The Bull from the Sea did not excite the same critical interest as did The King Must Die, and in general the novel suffers from comparison with its predecessor. Yet many of the techniques used in the earlier novel are evident in the sequel. Renault’s famous insistence on historical accuracy is once again obvious in The Bull from the Sea. Although Renault was not academically trained in classical culture, her extensive reading and research enabled her to write fiction that gives her readers a real sense of the culture and everyday life of the Greeks. In this novel, she combines history, myth, and legend with a greater emphasis on psychological realism to create the story of the mature Theseus.
As in The King Must Die, Theseus’ personality pervades the novel, and his detailed, lively descriptions of the settings and circumstances of his life hold the reader’s interest. While the earlier novel focused on Theseus’ physical adventures, however, this novel is much more psychologically based. An older, more thoughtful Theseus narrates a story that is largely a chronicle of his thoughts and feelings, in particular his responses to the people around him. The Bull from the Sea centers on his relationship with Hippolyta, Hippolytos, and Phaedra. His reactions to them define Theseus’ character, as his earlier exploits in The King Must Die shed light on who he was.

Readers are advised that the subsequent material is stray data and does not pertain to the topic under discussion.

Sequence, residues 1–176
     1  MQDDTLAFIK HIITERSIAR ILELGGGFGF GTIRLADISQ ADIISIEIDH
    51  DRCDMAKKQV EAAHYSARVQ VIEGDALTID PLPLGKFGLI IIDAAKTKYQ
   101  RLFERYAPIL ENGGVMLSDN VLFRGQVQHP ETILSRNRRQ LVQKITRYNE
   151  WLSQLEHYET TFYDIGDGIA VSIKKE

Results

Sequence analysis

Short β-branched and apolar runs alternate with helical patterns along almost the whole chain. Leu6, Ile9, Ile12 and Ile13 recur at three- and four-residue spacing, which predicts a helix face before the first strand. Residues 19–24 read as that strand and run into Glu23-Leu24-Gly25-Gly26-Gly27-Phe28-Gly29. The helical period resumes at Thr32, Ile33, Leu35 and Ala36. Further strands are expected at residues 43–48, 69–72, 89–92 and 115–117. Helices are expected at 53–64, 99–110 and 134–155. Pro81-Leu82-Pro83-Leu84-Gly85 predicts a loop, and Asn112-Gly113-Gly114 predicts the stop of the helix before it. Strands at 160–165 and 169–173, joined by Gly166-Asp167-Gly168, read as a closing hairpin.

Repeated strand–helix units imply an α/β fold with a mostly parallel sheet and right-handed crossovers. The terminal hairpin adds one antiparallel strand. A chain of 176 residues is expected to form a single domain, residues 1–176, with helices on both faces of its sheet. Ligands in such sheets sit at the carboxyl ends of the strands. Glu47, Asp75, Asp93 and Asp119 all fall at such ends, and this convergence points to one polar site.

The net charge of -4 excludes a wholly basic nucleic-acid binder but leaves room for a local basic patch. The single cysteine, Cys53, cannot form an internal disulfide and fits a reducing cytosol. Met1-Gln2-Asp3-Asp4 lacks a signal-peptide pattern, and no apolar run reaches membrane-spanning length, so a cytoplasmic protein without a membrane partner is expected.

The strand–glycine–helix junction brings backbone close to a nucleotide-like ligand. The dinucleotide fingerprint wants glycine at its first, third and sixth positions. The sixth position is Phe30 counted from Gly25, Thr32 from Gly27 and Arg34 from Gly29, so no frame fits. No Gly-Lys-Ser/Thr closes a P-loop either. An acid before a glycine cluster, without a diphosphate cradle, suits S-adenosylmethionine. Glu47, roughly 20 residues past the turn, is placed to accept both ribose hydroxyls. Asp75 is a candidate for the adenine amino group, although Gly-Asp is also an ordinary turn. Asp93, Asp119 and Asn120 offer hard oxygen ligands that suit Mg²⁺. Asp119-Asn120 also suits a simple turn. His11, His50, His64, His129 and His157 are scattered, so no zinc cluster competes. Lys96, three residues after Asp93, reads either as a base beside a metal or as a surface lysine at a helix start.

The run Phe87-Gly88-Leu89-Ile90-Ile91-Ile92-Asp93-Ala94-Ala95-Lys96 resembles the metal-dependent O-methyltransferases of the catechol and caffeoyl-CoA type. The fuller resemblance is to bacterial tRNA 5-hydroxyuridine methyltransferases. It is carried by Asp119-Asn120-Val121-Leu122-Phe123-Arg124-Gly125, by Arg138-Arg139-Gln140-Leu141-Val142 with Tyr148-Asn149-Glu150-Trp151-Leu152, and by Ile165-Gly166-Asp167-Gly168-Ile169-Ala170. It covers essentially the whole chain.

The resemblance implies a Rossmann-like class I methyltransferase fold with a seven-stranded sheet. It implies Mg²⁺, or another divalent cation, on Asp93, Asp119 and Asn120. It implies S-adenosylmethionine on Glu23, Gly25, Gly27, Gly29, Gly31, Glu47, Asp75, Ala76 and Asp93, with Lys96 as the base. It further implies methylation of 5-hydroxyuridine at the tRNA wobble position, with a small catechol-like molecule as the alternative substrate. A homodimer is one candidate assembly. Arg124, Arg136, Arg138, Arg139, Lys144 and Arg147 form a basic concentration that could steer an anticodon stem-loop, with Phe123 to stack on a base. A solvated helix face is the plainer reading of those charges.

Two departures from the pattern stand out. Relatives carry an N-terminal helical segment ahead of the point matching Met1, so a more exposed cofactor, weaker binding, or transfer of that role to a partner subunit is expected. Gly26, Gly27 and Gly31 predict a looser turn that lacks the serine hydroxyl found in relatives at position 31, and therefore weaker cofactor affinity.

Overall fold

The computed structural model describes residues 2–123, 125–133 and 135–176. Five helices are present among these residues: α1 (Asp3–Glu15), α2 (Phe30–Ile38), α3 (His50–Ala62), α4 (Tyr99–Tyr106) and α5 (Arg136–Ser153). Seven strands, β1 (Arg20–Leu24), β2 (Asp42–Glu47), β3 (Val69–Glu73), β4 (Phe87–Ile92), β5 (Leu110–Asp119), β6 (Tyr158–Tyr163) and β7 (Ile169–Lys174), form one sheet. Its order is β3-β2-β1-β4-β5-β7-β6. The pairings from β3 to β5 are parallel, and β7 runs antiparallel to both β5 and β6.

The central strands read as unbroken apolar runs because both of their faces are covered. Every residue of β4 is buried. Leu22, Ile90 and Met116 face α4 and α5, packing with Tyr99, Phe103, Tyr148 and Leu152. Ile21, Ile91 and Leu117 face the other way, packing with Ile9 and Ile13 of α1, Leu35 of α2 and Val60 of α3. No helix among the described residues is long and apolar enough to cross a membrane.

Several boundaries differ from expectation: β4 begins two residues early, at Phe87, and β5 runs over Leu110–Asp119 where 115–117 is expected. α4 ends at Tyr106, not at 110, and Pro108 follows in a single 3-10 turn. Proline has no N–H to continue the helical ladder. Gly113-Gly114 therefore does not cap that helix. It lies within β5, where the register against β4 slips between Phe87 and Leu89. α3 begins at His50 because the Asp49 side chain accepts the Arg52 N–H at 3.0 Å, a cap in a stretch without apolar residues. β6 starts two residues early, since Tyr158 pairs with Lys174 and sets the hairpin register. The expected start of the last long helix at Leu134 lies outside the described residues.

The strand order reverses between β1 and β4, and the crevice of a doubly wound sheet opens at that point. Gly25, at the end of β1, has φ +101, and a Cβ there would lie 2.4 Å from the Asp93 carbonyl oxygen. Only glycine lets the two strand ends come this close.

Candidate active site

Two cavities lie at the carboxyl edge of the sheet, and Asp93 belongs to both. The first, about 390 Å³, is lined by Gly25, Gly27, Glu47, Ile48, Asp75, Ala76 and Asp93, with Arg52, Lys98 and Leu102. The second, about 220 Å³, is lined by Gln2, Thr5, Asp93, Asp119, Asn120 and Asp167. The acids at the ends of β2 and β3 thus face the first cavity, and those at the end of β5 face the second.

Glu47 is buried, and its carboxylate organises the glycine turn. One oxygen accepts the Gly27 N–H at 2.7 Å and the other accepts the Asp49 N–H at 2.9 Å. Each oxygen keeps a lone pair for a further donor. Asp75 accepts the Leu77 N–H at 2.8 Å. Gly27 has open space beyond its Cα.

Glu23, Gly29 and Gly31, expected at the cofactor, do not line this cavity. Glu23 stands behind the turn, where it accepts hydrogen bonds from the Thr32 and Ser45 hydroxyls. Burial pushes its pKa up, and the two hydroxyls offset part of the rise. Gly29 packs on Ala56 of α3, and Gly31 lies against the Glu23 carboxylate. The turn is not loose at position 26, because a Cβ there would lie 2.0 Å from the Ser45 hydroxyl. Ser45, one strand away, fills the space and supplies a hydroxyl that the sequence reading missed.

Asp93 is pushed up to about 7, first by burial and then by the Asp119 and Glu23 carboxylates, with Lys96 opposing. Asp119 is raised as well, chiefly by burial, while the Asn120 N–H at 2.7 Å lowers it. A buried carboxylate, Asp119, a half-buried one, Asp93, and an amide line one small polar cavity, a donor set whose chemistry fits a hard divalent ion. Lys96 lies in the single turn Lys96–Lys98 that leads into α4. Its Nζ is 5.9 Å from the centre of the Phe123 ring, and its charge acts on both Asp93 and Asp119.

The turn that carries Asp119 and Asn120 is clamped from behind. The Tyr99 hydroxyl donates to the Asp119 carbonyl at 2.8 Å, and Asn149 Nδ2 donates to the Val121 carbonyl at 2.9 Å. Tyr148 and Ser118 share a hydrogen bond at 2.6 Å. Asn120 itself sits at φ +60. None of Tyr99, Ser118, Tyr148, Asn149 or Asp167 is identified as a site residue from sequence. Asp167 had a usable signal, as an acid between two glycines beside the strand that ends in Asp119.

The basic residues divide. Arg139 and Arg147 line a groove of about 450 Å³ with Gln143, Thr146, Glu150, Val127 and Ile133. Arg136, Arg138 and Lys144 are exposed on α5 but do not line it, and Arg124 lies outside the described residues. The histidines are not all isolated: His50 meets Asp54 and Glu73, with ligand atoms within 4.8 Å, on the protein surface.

Theseus’ love for Hippolyta is treated sensitively and even romantically by Renault. As an Amazon warrior, Hippolyta represents everything that Theseus’ culture rejects in females. She is physically powerful, emotionally and socially independent, and resistant to acting and dressing in conventionally feminine ways. In personality and demeanor she is much more like Theseus himself, and it becomes obvious in the novel that in loving...
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